NSPS Surveying USA at Worland, Wyoming

A 1.084Mb PDF of this article as it appeared in the magazine—complete with images—is available by clicking HERE

The front page of the Saturday, March 19, 2011, edition of the Northern Wyoming Daily News contained an article informing readers thusly: Local Surveyors to check GPS systems today… Beginning at 11 a.m. local surveyors Stanton Abell, of Worland, and Rick Hudson, of Thermopolis, will be available to check your GPS systems…" Standing in the parking lot of the Washakie Museum and Cultural Center, under a clearing sky an hour before the event, we reviewed our detailed plan for crowd control, confident in our abilities to multi-task, or call for backup if necessary. We had volunteered for this mission…and it would be accomplished!

Two days prior, we had constructed a cast-in-place concrete monument with brass disk as the official 2011 NSPS Surveying USA station, chose the top of the solid granite Earth sculpture as the GPS calibration station, and vowed to obtain a direct observation on the… Nose; the latter being the tip of the life-size, bronze mammoth’s trumpeting trunk.

With the appointed time approaching, Stan left the Trimble 4800 for Rick to set up over the station, temporarily designated Sargent Point for owner Newell Sargent Foundation, and sped off to occupy another station across town; informing him, "If I’m not back by 11, push the green button." With the receiver set up, our chapter banner and NSPS sign suspended from a range pole, and our two-faced monument board displayed, Rick taped one second of latitude south (101 feet) and one second of longitude east (73½ feet) from the globe, placing traffic cones there for visualization of screen readouts to real world distances. (Geodetically sound but ultimately too optimistic.) In a vest pocket he carried a 2 cm. dia. by 5 cm. long socket, waiting for the opportunity to tutor some innocent child or wary adult about local and network accuracy and how efficiently we surveyors can now measure with GPS/OPUS methodology. (Before day’s end he got his chance.)

Stan returned to the largely vacant parking lot and was informed "the snowmobile with the for sale sign" (along Big Horn Avenue) was getting a lot of attention. Undaunted, they recovered a nearby corner monument, observed WAAS and DGPS positions on it and on the top of the globe then, in true `veyor fashion, became fascinated with the geographic detail etched into the polished rock surface. Stan had been told the orb will be lifted an inch and spun by a hidden one-horsepower motor while being bathed in cascading water; quite an impressive engineering and construction project for the sake of artistic endeavor.

Later in the day we did offer assistance to a gentleman with a hand-held (navigation grade) GPS receiver; providing him with the ability to ascertain and transmit an accurate geographic position to his hunting buddies, emergency responders or some hapless tourist who becomes "lost" on the mountain.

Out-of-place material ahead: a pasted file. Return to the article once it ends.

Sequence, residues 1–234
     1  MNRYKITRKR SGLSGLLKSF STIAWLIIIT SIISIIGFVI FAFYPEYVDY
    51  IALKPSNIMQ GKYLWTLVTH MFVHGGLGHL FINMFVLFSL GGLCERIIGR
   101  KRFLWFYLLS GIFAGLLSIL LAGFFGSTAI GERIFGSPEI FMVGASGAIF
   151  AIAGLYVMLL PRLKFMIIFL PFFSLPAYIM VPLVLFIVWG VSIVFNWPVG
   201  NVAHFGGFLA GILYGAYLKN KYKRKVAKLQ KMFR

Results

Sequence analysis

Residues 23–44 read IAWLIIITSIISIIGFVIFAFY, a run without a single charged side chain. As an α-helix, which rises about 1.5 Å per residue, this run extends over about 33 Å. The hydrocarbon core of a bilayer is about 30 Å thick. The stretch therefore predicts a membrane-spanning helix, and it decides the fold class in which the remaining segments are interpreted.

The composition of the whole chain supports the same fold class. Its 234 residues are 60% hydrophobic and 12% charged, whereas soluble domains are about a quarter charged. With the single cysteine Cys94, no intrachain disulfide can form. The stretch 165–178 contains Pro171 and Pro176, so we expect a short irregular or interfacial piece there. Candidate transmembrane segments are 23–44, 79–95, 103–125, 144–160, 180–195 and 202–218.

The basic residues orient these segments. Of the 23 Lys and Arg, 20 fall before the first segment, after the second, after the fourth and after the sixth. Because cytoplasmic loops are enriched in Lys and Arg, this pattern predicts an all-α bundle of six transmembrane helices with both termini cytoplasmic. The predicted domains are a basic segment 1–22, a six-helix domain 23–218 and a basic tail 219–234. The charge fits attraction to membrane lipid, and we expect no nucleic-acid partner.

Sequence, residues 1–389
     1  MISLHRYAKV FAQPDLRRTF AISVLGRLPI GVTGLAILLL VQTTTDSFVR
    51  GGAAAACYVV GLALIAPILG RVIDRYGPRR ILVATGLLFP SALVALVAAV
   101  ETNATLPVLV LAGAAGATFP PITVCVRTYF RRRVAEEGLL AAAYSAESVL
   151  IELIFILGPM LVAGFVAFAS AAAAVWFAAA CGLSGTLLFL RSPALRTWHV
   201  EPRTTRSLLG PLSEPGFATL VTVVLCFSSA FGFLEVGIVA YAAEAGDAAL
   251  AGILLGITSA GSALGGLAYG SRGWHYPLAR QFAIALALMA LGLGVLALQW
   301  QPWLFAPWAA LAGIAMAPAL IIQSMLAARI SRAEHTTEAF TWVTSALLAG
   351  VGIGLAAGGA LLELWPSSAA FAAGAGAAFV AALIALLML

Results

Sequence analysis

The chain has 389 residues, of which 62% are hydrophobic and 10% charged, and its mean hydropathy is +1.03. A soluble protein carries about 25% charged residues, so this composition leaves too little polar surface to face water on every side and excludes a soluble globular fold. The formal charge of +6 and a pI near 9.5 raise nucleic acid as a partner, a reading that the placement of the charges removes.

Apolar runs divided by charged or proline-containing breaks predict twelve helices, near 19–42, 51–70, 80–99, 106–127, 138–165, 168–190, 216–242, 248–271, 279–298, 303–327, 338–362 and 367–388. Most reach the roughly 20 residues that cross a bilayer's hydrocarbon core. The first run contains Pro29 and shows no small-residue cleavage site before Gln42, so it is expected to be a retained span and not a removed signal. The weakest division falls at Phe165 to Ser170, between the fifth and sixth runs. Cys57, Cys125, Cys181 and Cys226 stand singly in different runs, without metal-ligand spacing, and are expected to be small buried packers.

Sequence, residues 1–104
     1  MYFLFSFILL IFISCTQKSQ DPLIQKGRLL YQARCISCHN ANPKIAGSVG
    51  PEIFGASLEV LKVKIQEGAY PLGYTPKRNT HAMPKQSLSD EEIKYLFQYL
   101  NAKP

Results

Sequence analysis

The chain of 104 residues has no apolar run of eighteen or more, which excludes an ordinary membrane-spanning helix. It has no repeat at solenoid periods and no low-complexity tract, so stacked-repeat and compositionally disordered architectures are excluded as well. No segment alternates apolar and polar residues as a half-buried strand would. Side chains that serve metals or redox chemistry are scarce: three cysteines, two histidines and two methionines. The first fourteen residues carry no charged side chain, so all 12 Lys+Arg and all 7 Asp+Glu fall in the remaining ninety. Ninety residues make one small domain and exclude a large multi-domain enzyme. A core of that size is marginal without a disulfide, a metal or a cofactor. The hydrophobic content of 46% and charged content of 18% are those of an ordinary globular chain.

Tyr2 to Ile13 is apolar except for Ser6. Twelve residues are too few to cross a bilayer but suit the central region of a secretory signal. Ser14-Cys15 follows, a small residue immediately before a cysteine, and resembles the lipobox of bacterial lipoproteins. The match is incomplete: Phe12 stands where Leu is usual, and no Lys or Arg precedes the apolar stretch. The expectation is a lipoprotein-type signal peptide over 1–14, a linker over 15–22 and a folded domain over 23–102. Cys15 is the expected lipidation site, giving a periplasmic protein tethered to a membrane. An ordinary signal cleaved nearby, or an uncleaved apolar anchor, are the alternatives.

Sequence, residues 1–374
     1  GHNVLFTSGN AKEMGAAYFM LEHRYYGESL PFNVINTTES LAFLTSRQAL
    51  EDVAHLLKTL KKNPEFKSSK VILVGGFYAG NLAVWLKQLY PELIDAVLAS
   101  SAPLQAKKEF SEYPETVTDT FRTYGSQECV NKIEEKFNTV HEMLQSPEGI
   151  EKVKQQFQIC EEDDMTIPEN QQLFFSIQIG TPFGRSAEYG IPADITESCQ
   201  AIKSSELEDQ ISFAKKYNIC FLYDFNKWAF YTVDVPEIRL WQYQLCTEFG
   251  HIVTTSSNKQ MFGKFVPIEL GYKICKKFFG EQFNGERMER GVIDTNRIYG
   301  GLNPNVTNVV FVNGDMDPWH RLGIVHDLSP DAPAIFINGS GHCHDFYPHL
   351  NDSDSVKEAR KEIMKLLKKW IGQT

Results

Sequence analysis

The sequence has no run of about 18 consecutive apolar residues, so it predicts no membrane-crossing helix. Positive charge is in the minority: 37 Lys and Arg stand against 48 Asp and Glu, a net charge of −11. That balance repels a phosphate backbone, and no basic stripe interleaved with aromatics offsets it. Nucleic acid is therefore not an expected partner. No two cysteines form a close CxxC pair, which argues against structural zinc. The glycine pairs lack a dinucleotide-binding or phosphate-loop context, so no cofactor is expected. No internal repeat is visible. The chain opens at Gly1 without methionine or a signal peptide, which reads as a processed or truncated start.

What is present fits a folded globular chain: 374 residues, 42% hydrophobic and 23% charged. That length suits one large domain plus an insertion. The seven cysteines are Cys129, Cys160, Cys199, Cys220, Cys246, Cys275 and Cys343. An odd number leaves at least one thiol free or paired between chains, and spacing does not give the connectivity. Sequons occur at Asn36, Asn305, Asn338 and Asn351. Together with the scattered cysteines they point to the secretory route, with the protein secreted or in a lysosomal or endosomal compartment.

Near the end of our four-hour occupation, opportunity presented itself with a husband and wife who stopped to partake of our activities. The conversation turned to the globe and its future as a rotating fountain and speculation as to its weight. Being hard-wired for mathematical and scientific problem-solving the two psudo-geodesists taped the globe’s major axis (hips), divided by pi and again by two, and announced a radius of 1.42 foot. In unison they recited the permanently memorized value, 20,906,000 feet, and determined the globe to be a 1/15,000,000 model of Earth. Stan proclaimed 145 pounds per cubic foot to be a close approximation for the weight of concrete and rock. Both called upon retired brain cells for the volume of a sphere, mumbling 4 and pi and unspecified powers of our radius. Stan headed for his vehicle while Rick retained our visitors. He returned, not with a reference book, but with a "Googled" formula on his PDA. (Who needs memorization or books when you can grab numbers out of thin air.) Finally the weight, about ¾ ton; days later refined by Rick (using reference book data for the weight of granite) at about 2,015 pounds.

By early afternoon, the wind, which is widely reported to almost never blow in Worland, commenced with sustained velocity experienced in Cody and Casper. One last direct GPS observation, by two old veterans possessing four score years of surveying experience, and…mission accomplished! Unless someone photographed us with a cell phone camera, how we did it is for us to know and five-digit registrants to marvel. Stan pushed the green button, we loaded up our toys, and bade farewell to NSPS Surveying USA.

R.L.Hudson, PS, owns R.L.Hudson Surveyor in Thermopolis, Wyoming. An Honorary Member of PLSW, he is an active member of the surveying community in Wyoming and in the NW Chapter of PLSW.

Stanton J. Abell, Jr., PE, PS, is employed by PE Grosch Construction Inc. in Worland, Wyoming. Stan is an Emeritus member of the Wyoming State Board of Examining Engineers & Land Surveyors.

A 1.084Mb PDF of this article as it appeared in the magazine—complete with images—is available by clicking HERE